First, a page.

By limiting the number of addresses available for devices to connect with, the WiFi router can limit the number of devices connecting at any given time. By disabling DHCP altogether and manually configuring each device, it should be nearly impossible for hackers to connect their own devices since they don’t even know what network addresses to use.
Limiting the number of addresses in the DHCP pool or even turning DHCP off offers no real protection. Hackers can easily assign their own addresses and connect to the WiFi router anyway.
Limiting the number of DHCP addresses in the pool only makes it difficult to add more legitimate devices down the road. It does not stop the hackers, as they can still assign addresses outside of the pool range to their own devices.
Turning DHCP off altogether just makes connecting legitimate devices to the WiFi router that much more difficult, with little or no gain in security. Using WiFi survey and packet sniffing tools, hackers may be able to figure out the subnet that the WiFi router is using and still assign their own address to their devices.
The thought is that limiting the number of IP addresses can limit the number of devices, and hence only allow valid devices to connect.
Unfortunately, DHCP doesn’t work this way. It assigns addresses out of a pool, yes. But a device can manually configure and select its own address outside of the pool range and connect anyway. So limiting the number of assignable addresses is really only inconveniencing yourself, especially as the number of WiFi connected devices will continue to grow as more IoT devices get brought into the home or office.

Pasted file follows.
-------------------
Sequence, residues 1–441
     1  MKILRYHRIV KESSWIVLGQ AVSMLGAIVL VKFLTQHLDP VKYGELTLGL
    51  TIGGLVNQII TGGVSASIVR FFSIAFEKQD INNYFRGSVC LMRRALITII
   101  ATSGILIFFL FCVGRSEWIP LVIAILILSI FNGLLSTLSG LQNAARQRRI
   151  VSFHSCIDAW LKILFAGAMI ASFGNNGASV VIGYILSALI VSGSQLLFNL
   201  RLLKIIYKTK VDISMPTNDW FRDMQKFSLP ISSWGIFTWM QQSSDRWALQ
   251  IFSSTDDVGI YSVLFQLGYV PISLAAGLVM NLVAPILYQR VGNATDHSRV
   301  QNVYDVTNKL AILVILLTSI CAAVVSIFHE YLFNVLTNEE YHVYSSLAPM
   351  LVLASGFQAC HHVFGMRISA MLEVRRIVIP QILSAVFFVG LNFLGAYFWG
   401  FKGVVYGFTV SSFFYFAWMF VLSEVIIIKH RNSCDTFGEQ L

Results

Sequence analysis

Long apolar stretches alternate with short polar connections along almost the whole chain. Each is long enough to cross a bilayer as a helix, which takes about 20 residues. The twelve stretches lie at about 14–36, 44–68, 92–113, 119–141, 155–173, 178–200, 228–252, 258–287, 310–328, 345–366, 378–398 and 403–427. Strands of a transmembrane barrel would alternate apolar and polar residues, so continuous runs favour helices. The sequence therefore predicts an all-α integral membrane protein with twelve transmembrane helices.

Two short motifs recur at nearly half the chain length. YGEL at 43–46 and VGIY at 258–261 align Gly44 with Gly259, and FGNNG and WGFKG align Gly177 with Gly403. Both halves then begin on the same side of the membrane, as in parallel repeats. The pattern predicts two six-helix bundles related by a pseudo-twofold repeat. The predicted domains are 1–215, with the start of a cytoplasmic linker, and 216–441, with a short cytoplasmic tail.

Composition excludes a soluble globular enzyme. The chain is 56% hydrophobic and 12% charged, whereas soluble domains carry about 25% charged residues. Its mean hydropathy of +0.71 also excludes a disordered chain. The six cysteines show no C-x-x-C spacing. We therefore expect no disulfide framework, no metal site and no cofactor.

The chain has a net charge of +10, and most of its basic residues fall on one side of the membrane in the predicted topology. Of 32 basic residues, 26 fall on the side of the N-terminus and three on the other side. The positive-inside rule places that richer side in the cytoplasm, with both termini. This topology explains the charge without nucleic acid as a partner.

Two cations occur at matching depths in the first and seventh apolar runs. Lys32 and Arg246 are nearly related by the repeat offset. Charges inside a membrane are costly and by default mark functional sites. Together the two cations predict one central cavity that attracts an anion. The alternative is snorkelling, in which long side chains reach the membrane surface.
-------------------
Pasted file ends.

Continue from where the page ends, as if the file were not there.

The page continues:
Another thought is to turn DHCP off altogether, and have all devices assign their own address. This is another variation on security by obscurity. It is really inconvenient, time-consuming, and arduous, never mind out of the technical comfort zone for most people. And it won’t stop the hackers. It turns out they can easily sniff packets and figure out what the IP addresses are, and start assigning their own. (These guys are relentless!)
As for the WINS and NetBIOS settings, unless you are using the WiFi router in an office setting that has a WINS server, it’s probably best to leave all of these options off. NetBIOS over TCP/IP is a potential security nightmare.
In the end, it’s probably easiest to leave the DHCP running, with the default of however many addresses in the address pool (the address range). If the bad guys want to know about your IP assignments, or mint their own addresses, they can, and no DHCP setting is going to stop them.